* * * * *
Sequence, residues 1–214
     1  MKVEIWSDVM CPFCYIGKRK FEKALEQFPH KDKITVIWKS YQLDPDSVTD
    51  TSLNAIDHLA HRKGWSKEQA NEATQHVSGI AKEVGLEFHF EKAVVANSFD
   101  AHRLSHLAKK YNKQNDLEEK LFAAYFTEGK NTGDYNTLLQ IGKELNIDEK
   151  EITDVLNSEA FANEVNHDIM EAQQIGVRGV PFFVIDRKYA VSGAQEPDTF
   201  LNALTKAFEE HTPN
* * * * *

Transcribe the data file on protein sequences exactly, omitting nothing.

Sequence, residues 1–214
     1  MKVEIWSDVM CPFCYIGKRK FEKALEQFPH KDKITVIWKS YQLDPDSVTD
    51  TSLNAIDHLA HRKGWSKEQA NEATQHVSGI AKEVGLEFHF EKAVVANSFD
   101  AHRLSHLAKK YNKQNDLEEK LFAAYFTEGK NTGDYNTLLQ IGKELNIDEK
   151  EITDVLNSEA FANEVNHDIM EAQQIGVRGV PFFVIDRKYA VSGAQEPDTF
   201  LNALTKAFEE HTPN